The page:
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Posted Thu Oct 8th, 2009 5:22am Post subject: iTunes live podcast nailed it right on the head!

Had some time on the road and used the opportunity to catch up on the podgrams. Dear Stephen, I have to say that your speech that was recorded for the iTunes festival was spot on with reference to downloading be it legal or otherwise. I have to say that I am a case in point.

I have been downloading Dr Who.... In my defense I have to say that CBC here in Canada drove me to it. When they finally started showing it they started at Episode 4. And Episode 8 they only ever played half of! So I took to finding them on the net to the point that I would choose to download each episode soon after it played in Britain, not bothering to wait for CBC to play it 6 months later.

Now, just a few months ago all 4 series were released on iTunes ( including the specials that CBC never showed) and, for a very reasonable price. So I did exactly as you said, I downloaded them legally. Ironically, they are sitting on my AppleTV as yet unwatched. But the snow is starting to fly so the opportunity beckons.

So, if you give me the opportunity to buy it easily and for a reasonable price I will do so. I even prefer to do so as it is quite a bother to search, find, download and convert the "non legal" way. If not, then I will find it another way.

To complete the irony, my father in law is about to have a hip replacement and we thought your US program would be something he would enjoy watching while recuperating. Well it seems I can't find it on the iTunes Canada.

So if the various companies involved would stop wasting their resources on preventing non legal downloading and instead concentrate on making it easier to purchase I would not be "forced" to deprive you.....

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Posted Thu Oct 22nd, 2009 1:50pm Post subject: iTunes live podcast nailed it right on the head!

This is a repeat of a post I made on the BBC blog, but wanted to share here too, being the self-regarding pompous toolbag that I am.

Stephen's right, in essentials, about everything he says in the lecture, but I can understand the "pulling his ladder up" comments from some commentators. Like Radiohead, it's easy for him to advocate a looser model of free downloading when his own fortune was made, in spades, under a closed, non-digital system in the eighties and nineties. Radiohead were already millionaires several times over when they released "In Rainbows" on the famous "pay your conscience" model. Their money was made mostly as a result of "OK Computer", a twelve-year-old conventionally-released record which continues to sell by the hodload, enriching everyone involved in it. They can afford to play the philanthropists now.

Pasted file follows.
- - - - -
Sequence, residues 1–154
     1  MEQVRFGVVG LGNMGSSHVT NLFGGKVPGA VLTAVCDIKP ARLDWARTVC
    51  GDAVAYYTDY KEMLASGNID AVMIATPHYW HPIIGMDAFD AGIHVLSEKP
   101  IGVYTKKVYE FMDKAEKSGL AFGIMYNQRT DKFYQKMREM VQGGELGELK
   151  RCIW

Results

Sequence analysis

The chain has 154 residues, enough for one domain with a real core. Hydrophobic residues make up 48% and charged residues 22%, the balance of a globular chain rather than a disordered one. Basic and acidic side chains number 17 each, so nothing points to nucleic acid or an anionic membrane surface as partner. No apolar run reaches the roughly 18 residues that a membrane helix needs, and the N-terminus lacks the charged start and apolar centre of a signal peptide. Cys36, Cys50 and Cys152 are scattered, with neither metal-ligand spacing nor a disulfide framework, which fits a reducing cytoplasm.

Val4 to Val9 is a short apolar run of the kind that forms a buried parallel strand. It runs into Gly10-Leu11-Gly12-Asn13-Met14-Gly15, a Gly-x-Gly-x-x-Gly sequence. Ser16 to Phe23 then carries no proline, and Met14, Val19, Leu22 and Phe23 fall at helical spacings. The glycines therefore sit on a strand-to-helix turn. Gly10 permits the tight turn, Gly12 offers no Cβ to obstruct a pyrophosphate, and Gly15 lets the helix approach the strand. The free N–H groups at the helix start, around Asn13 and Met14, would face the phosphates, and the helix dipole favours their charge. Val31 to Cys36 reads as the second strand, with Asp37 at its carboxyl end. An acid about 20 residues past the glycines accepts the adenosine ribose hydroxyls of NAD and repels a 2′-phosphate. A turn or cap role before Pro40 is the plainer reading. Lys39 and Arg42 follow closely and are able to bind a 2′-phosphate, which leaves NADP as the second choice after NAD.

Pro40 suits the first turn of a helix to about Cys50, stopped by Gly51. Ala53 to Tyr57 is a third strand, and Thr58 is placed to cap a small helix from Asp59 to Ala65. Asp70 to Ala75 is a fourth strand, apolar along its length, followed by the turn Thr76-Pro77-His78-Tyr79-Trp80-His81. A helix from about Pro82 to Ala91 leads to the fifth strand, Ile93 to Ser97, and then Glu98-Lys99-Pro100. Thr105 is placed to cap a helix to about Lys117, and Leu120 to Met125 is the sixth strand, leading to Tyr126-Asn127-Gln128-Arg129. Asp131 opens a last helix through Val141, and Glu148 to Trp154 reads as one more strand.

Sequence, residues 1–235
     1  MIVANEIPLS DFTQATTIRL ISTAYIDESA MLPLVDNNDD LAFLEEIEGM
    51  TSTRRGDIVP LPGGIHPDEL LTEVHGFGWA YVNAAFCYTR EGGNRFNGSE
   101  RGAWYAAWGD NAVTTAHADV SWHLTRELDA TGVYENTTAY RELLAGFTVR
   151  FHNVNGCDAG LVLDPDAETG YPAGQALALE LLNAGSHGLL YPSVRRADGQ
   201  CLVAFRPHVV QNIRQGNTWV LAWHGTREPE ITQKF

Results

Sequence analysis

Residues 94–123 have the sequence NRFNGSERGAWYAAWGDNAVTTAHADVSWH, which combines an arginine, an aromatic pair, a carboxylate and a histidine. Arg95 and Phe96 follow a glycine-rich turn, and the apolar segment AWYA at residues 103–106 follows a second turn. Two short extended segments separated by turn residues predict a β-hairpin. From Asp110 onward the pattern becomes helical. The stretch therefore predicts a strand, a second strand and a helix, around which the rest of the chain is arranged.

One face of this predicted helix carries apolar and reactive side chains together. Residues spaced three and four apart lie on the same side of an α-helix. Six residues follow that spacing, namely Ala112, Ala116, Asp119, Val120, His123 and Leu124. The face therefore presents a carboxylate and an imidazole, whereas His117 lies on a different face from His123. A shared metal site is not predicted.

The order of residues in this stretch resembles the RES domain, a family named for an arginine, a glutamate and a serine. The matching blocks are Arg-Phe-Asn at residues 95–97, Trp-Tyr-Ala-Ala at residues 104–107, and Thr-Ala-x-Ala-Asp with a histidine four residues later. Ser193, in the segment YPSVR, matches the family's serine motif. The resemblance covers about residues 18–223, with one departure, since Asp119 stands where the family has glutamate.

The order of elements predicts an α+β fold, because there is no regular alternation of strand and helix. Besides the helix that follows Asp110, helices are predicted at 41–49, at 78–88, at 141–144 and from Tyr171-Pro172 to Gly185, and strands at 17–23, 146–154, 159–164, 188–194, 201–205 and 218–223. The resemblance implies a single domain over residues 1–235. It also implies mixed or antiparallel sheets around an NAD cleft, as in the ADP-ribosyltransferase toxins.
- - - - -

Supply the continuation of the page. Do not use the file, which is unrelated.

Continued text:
That doesn't really take away from the validity of Stephen's (or Ed O'Brien from Radiohead's) arguments, though. The game has changed, and people still aren't getting it. The creative industries have been incredibly slow to see that content is not where money is to be made in the digital age. Trying to protect revenue from pure content-flogging is a hiding to nothing. If an artist wants to provide their services full-time to the public, they need to understand that the days of Led Zeppelin becoming multi-millionaires from record sales are long gone. Good thing too. The revenue, in music at least, is all going to be in live performance and merchandising.

I'm fully supportive of artists' intellectual rights over their creative output, but it's unrealistic to expect an ongoing stream of revenue to flow from that intellectual property. With the way the world works nowadays, that can't be made to happen: full-time musicians have to just get on their bikes and look for gigs (as I imagine Norman Tebbit would blanch at saying).

The thing is, digital music allows those of us who have a day job to do what we love and give it away for nothing, safe in the knowledge that we don't HAVE to be full time rock stars. I'm a teacher; I love my job; I have no desire to spend a zillion days a year on the road behind my record. On the other hand, I want to make music and release it.

Digital means I am able to make and release my music for almost no money - I record on a MacBook and mix and master everything at home. This costs me next to nothing, especially compared to the old system (signing to a record label, taking a vast advance to pay for studio time, then spending the next however-many years paying the advance back). The method of production and distribution is now near-as-dammit free, and in the hands of the artists, so we don't NEED to make money off it. I can build up my audience using the internet and word of mouth from gigs. There's no reason why any creative person can't do the same - we don't need to be Carole King: writing songs 9-5 in a hired office. We also don't need to be The Rolling Stones: fabulous wealthy, entirely subsumed by our "industry", touring for 30 years and creatively moribund.

Many people still entertain the fantasy that being a musician is going to make you rich. It's less true today than ever, but that's OK, because we're free, in every sense.

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